I was asked "Why have you made a new film about Barnet?" today. There are many reasons, but perhaps, if I tell the full story it may be easier to understand. Many readers will know that in March, Charles Honderick and myself unleashed "A Tale of Two Barnets" on the world. Although Charles and myself are immensely proud of the film, we were in many ways unhappy with aspects of it. The reason for this was simple. When the film was first conceived, it was going to be a short film on Youtube, giving an outsider (Charles is from Florida) view of Barnet. Charles motivation for making it was to experiment with a new movie making format (he'd previously made corporate films in the USA and pop videos). My reasons for becoming involved were because I have a deep love of Barnet.
When the project started, our aims were modest. Shoot a few interviews and make a short and interesting documentary. When the interviews started, it became apparent that there was a bigger story and that it was more interesting. Before we'd finished, we had been offered a premier at the Phoenix in East Finchley and a screening at the House of Commons. Barnet Alliance for Public Services had also arranged dozens of local screenings.
We had the task of editing footage shot over six months, in a variety of locations into some sort of order. We'd not had a pre defined narrative, so the whole thing was a bit of a mish mash. Charles is a brilliant editor, so we managed to turn a lot of people filmed in difficult circumstances and turn out something which was quite watchable. Many people have speculated that because I'm a well known blogger, my role was more than "producer". This does a huge disservice to Charles. He doesn't know the issues, so I have spoken more about them at screenings etc. Charles was interested in the film making aspects and "telling the story". We both watched the footage and both had input into the clips used, but in general it was fairly obvious what was good and what wasn't. We didn't tell people what to say, so the direction was all about getting people to feel comfortable and open up. Charles is brilliant at doing that.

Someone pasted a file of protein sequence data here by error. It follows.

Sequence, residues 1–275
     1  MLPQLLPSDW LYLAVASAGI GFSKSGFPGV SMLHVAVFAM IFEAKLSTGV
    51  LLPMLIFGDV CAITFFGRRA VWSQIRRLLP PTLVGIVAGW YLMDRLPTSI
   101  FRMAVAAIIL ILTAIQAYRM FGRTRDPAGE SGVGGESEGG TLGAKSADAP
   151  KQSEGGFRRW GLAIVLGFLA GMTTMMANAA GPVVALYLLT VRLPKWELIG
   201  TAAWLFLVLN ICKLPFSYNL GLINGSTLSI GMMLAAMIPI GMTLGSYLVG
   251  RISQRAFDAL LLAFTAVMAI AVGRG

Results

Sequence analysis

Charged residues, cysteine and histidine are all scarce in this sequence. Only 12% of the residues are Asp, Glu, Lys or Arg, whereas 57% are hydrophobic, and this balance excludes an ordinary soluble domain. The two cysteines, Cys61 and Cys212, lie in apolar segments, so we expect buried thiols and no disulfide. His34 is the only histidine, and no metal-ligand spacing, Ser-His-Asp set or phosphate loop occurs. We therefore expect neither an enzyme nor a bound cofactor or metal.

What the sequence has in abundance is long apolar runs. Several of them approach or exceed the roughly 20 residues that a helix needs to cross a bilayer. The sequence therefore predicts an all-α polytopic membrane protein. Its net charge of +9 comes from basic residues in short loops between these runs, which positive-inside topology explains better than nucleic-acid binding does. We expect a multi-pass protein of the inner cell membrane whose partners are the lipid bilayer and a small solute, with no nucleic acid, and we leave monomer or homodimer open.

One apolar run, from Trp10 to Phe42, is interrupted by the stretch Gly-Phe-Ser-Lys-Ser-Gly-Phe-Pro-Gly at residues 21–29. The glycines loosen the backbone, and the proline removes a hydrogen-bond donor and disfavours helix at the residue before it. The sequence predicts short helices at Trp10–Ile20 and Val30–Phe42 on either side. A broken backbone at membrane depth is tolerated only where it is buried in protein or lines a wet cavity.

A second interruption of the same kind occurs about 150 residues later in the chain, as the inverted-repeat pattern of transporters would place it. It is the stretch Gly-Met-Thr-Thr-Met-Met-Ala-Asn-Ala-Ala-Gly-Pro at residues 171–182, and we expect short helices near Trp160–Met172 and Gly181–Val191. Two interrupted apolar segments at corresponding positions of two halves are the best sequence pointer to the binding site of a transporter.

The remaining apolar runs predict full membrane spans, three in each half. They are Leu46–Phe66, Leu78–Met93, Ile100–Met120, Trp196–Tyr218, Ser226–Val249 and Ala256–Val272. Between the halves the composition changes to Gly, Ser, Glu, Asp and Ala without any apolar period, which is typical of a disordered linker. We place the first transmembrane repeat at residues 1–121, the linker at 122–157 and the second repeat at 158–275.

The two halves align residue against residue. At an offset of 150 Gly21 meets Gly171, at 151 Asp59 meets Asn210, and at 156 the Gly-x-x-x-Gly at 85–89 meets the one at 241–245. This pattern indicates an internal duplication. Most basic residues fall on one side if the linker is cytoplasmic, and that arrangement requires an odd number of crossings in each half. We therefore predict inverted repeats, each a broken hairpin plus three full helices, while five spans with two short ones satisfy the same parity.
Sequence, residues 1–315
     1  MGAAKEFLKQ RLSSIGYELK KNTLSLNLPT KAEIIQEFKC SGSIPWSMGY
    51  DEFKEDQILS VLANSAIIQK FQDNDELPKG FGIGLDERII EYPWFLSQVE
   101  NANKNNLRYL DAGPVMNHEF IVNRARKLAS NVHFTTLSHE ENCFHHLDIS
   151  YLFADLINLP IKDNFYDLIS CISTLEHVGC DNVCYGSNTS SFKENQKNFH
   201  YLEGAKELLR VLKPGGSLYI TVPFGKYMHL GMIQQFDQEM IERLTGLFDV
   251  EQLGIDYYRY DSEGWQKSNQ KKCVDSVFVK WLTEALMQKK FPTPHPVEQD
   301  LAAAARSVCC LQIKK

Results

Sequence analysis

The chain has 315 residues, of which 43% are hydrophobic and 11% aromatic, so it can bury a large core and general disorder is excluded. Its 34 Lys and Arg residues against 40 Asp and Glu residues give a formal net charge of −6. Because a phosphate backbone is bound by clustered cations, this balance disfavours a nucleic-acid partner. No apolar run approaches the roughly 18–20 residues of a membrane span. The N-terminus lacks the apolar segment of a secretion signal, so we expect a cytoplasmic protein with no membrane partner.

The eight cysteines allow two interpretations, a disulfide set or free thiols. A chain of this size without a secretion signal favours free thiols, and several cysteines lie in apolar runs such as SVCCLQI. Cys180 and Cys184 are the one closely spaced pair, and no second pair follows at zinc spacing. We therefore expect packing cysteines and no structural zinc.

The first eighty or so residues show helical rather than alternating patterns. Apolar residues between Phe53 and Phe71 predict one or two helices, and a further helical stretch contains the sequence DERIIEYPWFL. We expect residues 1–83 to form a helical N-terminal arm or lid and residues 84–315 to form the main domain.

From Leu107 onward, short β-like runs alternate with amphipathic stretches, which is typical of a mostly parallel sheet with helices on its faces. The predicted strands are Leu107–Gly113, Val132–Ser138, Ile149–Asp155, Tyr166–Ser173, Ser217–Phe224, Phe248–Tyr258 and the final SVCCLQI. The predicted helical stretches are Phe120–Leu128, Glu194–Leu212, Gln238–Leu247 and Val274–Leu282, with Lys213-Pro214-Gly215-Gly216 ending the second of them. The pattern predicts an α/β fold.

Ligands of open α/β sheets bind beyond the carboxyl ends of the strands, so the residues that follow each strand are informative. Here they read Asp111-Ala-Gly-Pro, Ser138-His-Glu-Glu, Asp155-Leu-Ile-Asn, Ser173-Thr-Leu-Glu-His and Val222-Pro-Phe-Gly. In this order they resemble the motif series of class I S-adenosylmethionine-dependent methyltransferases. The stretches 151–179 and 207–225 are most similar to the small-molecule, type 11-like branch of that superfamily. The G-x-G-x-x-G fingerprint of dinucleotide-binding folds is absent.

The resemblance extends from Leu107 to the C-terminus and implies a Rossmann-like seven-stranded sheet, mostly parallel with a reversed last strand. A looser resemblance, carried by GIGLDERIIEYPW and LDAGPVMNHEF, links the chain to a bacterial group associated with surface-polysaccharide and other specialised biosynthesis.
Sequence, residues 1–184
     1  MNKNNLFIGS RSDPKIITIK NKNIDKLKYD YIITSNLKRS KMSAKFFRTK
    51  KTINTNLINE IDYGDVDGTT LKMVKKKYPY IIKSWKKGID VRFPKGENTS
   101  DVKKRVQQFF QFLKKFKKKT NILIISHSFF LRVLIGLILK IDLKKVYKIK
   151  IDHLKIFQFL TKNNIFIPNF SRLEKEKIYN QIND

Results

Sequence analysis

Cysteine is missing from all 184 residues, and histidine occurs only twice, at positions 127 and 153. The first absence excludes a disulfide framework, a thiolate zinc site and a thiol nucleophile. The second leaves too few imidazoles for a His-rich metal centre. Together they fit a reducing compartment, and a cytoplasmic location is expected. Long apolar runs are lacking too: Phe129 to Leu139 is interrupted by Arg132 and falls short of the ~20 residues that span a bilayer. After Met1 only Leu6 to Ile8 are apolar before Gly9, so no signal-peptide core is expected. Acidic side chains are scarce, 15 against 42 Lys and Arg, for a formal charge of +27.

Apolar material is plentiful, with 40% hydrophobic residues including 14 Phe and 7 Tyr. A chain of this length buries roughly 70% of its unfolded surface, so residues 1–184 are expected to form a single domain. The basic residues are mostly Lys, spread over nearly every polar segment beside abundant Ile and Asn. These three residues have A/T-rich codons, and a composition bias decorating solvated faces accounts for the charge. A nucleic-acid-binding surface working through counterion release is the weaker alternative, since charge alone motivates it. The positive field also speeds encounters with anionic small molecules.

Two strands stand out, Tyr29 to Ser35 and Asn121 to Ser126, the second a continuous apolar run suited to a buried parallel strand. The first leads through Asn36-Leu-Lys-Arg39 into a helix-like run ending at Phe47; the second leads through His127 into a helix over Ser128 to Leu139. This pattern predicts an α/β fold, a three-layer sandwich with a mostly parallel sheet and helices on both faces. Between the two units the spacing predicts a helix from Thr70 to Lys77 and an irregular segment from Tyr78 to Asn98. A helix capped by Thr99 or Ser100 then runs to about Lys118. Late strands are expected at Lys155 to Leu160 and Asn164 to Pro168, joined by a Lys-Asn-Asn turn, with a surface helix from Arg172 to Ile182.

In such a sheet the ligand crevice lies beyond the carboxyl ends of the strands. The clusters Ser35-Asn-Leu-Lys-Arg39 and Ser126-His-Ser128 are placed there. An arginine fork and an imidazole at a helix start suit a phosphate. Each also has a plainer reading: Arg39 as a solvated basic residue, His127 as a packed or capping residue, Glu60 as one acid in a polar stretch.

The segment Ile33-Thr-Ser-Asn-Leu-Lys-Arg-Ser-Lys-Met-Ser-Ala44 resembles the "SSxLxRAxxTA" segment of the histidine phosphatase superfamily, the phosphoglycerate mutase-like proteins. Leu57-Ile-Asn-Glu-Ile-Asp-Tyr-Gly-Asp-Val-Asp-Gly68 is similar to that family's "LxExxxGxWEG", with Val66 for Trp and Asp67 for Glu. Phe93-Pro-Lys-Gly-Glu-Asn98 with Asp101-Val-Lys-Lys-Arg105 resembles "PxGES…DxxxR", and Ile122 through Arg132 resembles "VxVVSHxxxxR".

After the film was made, both of us had a feeling that we hadn't told the whole story. We hadn't really shown what the people on the rough end of the council polices were going through and we hadn't really explained why the councils policy were not only causing misery but were fundamentally risky and dangerous. People approached us and suggested we make a follow up. Then they started offering to fund the filming. As I own a video recording studio, we decided to film the interviews on site where possible, so the issues with sound could be avoided. We also decided to agree the format beforehand..
The filming and editing has been a nightmare. This has been becasue the story has changed so many times as we've gone along. Firstly the leader of the Finchley traders gave a fascinating interview about her campaign against Brian Coleman in the GLA elections. After the filming, Brian Coleman was arrested for an alleged assault and the footage became potentially prejudicial, so we made a decision to not use it. Then we filmed Friern Library. The Council had closed it. After we filmed, Occupy London reopened it and a court case was set for last week. We couldn't finish the film without this, but had to wait until we knew what happened to do the interviews. The events superceded the original footage. Then the CEO of Barnet, Nick Walkley resigned. It is entirely unclear what is going on.
We actually finished editing the film yesterday. I watched it this morning. I am pleased. It is a much better film than A Tale of Two Barnets. It is a shame that Nick Walkley declined the offer to be interviewed as did all of the Conservative Councillors. Local politics should be a very boring subject, I think we've brought it to life. It isn't perfect, but on a budget of £2,500 it was never going to be. You will hear some tragic stories and I hope you will be moved. Some of the scenes are funny, some are shocking. Charles Honderick has a superb eye for detail and many of the interspersed clips are staggering.
I sincerely hope as many people as possible come to the Phoenix to watch the film on Monday and come to the other screenings.